SAXON 9 / ALTOVA (2008 SP1) and coding style

Discussion in 'XML' started by RolfK, Dec 16, 2008.

  1. RolfK

    RolfK Guest

    Dear Experts,

    I have a behaviour I can not understand. May be I even not understand
    the typing in a variable declaration correctly.
    Please have a look to the following code snipets which behave
    differently for ALTOVA and SAXON 9. The key funktion is not important

    <xsl:variable name="vReferenceTemp" select="key('kShell','Generic')/
    xs:float(@Temperature)" as="xs:float"/>
    (The as="xs:float" may be superflous here)

    My first attempt was
    <xsl:variable name="vReferenceTemp" select="key('kShell','Generic')/
    @Temperature" as="xs:float"/>

    This runs perfectly with SAXON 9 but lead to an error message
    complaining the type when the variable is used later in case of

    So, what is the right coding style , or what is the difference ?

    <xsl:variable name="vReferenceTemp" select="key('kShell','Generic')/
    xs:float(@Temperature)" />


    <xsl:variable name="vReferenceTemp" select="key('kShell','Generic')/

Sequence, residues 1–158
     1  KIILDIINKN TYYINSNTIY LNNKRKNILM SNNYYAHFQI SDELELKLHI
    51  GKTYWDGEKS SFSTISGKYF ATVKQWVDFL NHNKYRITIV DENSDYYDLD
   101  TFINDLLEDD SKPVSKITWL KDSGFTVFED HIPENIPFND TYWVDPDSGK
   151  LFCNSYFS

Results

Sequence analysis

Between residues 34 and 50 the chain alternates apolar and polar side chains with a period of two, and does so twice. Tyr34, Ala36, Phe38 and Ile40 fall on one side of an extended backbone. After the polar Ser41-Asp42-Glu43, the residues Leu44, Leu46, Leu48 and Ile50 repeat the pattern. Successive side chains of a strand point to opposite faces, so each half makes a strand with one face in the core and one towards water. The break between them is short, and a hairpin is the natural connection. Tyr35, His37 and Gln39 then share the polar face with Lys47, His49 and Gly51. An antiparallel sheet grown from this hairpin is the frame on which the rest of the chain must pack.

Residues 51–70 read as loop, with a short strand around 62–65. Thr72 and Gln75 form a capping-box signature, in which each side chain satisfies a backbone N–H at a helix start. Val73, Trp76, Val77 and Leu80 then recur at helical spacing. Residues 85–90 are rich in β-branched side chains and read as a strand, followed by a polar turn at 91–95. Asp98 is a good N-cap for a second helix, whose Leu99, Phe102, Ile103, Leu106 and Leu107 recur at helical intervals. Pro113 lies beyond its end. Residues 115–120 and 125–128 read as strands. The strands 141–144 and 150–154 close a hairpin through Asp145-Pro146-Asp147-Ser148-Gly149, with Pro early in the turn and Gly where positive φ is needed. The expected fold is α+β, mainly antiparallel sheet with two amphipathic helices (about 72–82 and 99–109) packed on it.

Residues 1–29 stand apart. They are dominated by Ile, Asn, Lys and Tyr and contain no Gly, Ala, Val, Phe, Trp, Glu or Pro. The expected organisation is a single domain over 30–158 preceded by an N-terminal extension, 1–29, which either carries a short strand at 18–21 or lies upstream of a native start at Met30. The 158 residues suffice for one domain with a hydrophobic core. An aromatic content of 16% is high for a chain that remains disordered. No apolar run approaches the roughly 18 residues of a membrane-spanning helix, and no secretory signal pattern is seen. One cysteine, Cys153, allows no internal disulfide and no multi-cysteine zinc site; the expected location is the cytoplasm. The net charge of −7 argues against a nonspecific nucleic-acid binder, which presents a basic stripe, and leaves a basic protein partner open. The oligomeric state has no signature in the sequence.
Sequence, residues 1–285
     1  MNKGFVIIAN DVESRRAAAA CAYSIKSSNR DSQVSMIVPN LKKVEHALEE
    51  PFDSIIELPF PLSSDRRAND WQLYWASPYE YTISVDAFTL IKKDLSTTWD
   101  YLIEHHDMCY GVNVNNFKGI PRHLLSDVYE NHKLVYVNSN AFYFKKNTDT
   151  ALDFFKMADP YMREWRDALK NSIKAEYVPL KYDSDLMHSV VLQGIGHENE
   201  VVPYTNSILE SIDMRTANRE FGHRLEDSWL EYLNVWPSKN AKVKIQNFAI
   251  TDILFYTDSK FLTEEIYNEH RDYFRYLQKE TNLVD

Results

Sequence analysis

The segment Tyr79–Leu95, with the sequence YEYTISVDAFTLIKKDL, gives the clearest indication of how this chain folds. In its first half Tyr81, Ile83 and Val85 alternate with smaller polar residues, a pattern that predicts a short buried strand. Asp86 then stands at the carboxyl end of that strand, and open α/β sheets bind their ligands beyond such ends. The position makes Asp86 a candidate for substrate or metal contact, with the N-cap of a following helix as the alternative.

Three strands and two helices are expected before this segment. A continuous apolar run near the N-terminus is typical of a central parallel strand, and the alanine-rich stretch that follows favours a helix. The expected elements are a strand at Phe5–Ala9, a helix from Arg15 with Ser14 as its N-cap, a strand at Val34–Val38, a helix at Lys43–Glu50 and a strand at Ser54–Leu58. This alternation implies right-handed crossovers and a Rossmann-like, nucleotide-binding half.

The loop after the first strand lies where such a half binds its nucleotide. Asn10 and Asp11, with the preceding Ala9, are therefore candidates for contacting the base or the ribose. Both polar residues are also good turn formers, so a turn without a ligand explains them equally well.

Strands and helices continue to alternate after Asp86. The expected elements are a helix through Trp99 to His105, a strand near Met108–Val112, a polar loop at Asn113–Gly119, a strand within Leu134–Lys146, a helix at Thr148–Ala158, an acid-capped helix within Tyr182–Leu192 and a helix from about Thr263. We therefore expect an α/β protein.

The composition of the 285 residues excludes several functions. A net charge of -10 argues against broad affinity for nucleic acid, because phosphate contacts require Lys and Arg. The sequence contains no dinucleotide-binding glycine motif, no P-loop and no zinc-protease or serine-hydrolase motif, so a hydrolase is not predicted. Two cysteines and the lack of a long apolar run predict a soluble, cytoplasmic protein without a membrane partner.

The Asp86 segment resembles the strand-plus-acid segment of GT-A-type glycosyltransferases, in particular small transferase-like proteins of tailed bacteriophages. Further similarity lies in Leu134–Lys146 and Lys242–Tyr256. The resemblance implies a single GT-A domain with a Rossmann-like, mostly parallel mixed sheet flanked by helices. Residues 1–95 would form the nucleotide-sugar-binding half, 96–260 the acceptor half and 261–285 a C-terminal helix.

@Temperature" as="xs:float"/>

    Any hint is welcome

    RolfK, Dec 16, 2008
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  2. Are you sure that you don't want
    here? key() gives you a sequence of nodes and doing
    /xs:float(@Temperature) gives you a sequence of float values.
    Well how exactly do you use the variable later, what is the exact error
    Martin Honnen, Dec 17, 2008
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  3. Probably Altova implements a more pessimistic static checking than Saxon. If
    it is not possible to guarantee at compile time that all @Temperature values
    are convertible to xs:float, pessimistic static type-checking may raise an
    error while a more optimistic and flexible type checking will not.

    Of course there will be always a run-time error if the conversion is not
    possible. Therefore, Altova's early error is not of great value at all, if
    one can circumvent this by changing "@Temperature" to
    "xs:float(@Temperature)", because this is just a promise/good-wish from the
    programmer and a run-time error will definitely happen, if this good wish
    has been unrealistic.

    Also, the more "typed" expression that Altova accepts is actually more
    unreadable than the more "untyped" one.

    No information, necessary for understanding and readability, is lost in the
    "more untyped" xsl:variable definition. because it still has its type
    declared as xs:float.

    Despite the fact that in this case Altova's type checking is apparently more
    pessimistic. they do not strictly follow this pessimistic discipline, as
    Altova does not complain that the cardinality of the expression may be
    different (more than one) than 1. Such inconsistency is quite annoying,
    because the programmer has only to guess what is allowed and what is not

    Dimitre Novatchev
    Dimitre Novatchev, Dec 18, 2008
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